BY IAN WHITWORTH
Do the research in advance, and you can stack the odds in your favour, writes Ian Whitworth.
A friend of mine built an incredibly successful business from selling domestic appliances. Let’s call him Jim. He did it with decades of madcap, come-on-down, low budget TV advertising, low on touchy-feely branding and very high on outlandish product demonstrations.
Jim starred in every ad himself, thus saving a fortune on actors – savings that could be passed on in the form of Crazy Low Prices.
Through sheer consistency, he grew it into the colossus of its category, with several hundred stores. Plus he gets asked for autographs on planes. In person, Jim is a charming and hilarious man, saving the wacky antics for his TV persona.
One day he took a call from an ad agency, prospecting for new business.
“We love your brand,” they said. “Great product, great strategy, it’s all good. Well, except for the talent you’re using on the TV commercials. Frankly, between you and me, that guy is pretty embarrassing, and he’s really holding your brand back. Can we come in and present some impactful new ideas that’ll really take your brand to the next level?”
“That would be excellent,” Jim said.
On the day, the agency guys turn up excited. All cliche boxes are ticked. Slick, Don Draper-style account men. Creative director in a Mickey Mouse t-shirt and suit jacket. And easels! With storyboards done in that old-school illustrated style like your primary school songbook. Many, many hours and dollars of preparation.
Jim walks out into reception and greets them cheerily. Oh my God, IT’S THE GUY! The corny TV character they’ve come to assassinate with their leading-edge creative strategies, and he’s REAL. The blood drains from their faces as they contemplate the monumental scale of their blunder. And the tinfoil taste of fear and adrenalin, familiar to anyone who’s been sent into their own personal presentation Gallipoli.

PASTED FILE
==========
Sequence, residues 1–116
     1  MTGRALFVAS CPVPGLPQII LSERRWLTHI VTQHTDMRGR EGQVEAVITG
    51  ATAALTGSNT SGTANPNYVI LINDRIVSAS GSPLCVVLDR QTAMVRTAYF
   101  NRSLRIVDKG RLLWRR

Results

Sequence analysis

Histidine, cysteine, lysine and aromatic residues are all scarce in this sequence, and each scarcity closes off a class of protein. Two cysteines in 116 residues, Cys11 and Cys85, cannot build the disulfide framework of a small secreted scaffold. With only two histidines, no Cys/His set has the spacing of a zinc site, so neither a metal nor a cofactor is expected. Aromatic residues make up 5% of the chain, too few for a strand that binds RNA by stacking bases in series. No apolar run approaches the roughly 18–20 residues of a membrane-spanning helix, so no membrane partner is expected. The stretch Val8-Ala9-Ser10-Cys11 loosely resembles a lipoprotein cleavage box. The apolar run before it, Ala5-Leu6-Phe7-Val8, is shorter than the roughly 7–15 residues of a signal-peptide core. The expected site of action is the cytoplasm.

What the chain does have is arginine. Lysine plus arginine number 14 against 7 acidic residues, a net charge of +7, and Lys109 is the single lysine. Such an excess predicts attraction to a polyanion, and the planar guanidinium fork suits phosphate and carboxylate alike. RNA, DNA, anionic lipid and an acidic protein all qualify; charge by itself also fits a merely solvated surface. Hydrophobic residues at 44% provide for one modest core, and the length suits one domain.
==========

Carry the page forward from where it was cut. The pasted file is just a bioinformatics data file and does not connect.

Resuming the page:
Like a laboratory frog, the dead presentation twitched on the boardroom table for 15 long minutes before they upped easels and ran.
“We’ll… uh… just go now, we’ve probably taken up enough of your…”
“Not at all, what other ideas do you have? I’m all ears.”
It was pretty much the most enjoyable meeting of Jim’s career.
Can you imagine the conversation in the cab on the way back from that little gem? The arguments over whose fault it was. The calculations of how many speculative creative hours had been poured into a venture doomed from the very outset.
And that, folks, is the oldest mistake in the presentation book: devoting all your time and energy to your content, and forgetting to research who’s in your audience. It’s like building a multi-storey building without foundations. Successful presenters want to know in advance:
- Who’s in the audience?
- What’s their level of expertise and interest in your subject?
- Who’s been on before you?
- What direct personal benefits will your presentation bring them?
- How long is their attention span?
All of these have a tremendous effect on the reception you’ll receive.
If you just haul out your standard template show, people can tell. It’s an unproductive and charmless thing to do, whether it’s in the boardroom or the ballroom.
It amazes me how many event companies will do an elaborate creative pitch without asking about the personal tastes of the client. It’s like taking someone out to dinner for the first time, ordering all their food, and expecting to pick their favourite for each course. “You look like you love… fish! Am I right?”
A creative producer friend – let’s call him Jon Smith, for that is his name – was pitching on a major conference opening show, and rang the CEO’s assistant to get the inside word on his interests. Initially she was stumped, but with some digging she remembered that he was mad for Gilbert and Sullivan. So Jon pitched a piratey Gilbert and Sullivan opener, a concept that would make the average client ask you if you were on acid. He won the pitch by a thousand fathoms, me hearties.
Presentations are never easy, so you owe it to yourself to stack the odds in your favour. When you do the research in advance, you go in feeling much more secure, and your audience will respect that you had the good manners to make it special for them.